These Mexican immigrants and immigrants as a whole are not more inclined to commit crimes than a natural born citizen (Becerra, et al. 115), contrary to Trump’s remarks that portray a majority of Mexican immigrants as criminals.


Negative Consequences of the Solution

A Bernstein Research report conducted earlier this year concluded that the wall could range anywhere from 15 to 25 billion dollars; higher than Trump’s estimate of 10 billion dollars. The southwestern border across the states of California, Arizona, New Mexico, and Texas spans about 1,989 miles, but natural borders such as the Rio Grande provide less of a physical border to construct, and a 1,000 mile border was used to calculate curved-big-wallcosts of the Trump Wall. Costs of maintaining and protecting the wall are unknown. Donald Trump has also claimed that Mexico is going to pay for the wall, in which the Mexican president has replied that they will not. In result, payment of such a wall is unknown and is essentially left up in the air to figure out after Trump is inaugurated. (The Data Team 2016)

Trump’s wall would be disastrous economically and socially. Financial costs of immigration policies and unnecessary walls put a strain on financial resources while socially creating a hostile environment for Mexicans. The real problem about the Trump wall is the social repercussions and negative rhetoric regarding Mexicans that makes them seem like harmful people. Trumps proposal of said wall is destructive because it perpetuates the idea that there is an issue regarding migration into the United States while recent patterns of migration prove otherwise. Building this wall would cause far more issues than it was intended to solve.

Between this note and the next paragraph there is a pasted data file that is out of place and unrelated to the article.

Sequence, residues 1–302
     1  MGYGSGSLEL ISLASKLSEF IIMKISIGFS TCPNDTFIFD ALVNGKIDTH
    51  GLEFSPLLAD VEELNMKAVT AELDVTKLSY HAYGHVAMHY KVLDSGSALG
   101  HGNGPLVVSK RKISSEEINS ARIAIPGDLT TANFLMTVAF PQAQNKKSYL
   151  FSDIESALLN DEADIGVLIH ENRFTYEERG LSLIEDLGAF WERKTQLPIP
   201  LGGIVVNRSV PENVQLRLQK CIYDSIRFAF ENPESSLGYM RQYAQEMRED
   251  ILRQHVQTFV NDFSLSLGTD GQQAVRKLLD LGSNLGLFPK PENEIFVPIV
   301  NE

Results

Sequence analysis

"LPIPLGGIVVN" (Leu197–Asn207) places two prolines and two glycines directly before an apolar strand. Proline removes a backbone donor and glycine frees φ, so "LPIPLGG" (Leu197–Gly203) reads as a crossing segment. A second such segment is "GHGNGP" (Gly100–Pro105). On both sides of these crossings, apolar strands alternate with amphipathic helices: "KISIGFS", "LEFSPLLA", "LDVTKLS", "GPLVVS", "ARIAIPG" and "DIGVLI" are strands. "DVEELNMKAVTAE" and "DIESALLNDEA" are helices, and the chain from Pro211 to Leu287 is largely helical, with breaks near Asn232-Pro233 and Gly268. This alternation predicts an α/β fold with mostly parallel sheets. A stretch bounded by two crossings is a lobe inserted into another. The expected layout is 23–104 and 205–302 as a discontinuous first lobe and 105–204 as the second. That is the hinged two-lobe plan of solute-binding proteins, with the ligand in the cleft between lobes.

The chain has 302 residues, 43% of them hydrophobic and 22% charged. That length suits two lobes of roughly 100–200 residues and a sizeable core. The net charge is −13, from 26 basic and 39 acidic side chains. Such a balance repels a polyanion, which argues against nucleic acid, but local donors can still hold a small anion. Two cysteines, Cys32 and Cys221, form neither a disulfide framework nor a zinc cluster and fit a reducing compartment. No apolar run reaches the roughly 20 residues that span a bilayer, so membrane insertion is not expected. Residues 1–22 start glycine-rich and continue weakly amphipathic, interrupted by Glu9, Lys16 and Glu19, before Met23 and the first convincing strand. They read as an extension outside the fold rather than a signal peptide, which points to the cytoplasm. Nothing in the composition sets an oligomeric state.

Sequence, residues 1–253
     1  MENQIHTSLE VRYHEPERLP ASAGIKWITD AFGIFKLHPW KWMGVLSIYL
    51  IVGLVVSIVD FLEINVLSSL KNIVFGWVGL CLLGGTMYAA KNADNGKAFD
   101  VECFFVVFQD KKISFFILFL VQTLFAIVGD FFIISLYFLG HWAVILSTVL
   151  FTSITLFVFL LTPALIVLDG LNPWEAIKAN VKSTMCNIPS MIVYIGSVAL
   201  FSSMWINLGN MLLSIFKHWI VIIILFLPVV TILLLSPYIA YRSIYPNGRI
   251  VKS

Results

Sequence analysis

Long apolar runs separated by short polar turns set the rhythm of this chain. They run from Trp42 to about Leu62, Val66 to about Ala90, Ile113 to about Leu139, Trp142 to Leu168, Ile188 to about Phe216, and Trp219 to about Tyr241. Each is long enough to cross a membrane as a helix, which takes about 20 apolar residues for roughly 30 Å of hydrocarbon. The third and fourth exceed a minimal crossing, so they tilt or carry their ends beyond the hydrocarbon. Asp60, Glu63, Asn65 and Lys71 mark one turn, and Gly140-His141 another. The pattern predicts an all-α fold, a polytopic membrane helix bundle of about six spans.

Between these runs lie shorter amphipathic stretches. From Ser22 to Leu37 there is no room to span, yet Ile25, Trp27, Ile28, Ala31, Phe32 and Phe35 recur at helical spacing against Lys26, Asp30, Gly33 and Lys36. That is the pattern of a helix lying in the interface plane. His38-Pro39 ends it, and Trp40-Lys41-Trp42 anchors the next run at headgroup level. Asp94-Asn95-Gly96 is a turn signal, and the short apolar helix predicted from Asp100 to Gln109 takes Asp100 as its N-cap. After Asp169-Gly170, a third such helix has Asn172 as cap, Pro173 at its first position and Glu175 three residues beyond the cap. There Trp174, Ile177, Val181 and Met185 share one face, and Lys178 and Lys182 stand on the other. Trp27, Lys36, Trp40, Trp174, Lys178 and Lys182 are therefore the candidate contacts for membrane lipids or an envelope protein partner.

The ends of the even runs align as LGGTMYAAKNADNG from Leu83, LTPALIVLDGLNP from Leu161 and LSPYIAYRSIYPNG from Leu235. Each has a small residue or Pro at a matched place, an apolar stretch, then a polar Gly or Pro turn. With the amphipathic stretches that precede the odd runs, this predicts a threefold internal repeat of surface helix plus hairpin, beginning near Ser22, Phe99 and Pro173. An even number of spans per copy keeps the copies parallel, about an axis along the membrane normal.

Works Cited 

Becerra, David, David K. Androff, Cecilia Ayon, and Jason T. Castillo. “Fear vs. Facts:Examining the Economic Impact of Undocumented Immigrants in the U.S.” Journal of Sociology & Social Welfare XXXIX.4 (2012): 113.

Cooper, Betsy, and Kevin O’Neil. “Lessons From The Immigration Reform and Control Act of 1986.” Migration Policy Institute 3 (2005):8.

“Immigration.” N.p., n.d. Web. 12 Oct. 2016. <>

Preston, Julia. “More Mexican Immigrants Leaving U.S. Than Entering, Report Finds.” The New   York Times. The New York Times Newspaper, 19 Nov. 2015. Web. <>.

The Data Team. “The Economics of Donald Trump’s Wall.” The Economist. The Economist Newspaper, 26 July 2016. Web. 15 Oct. 2016. <>.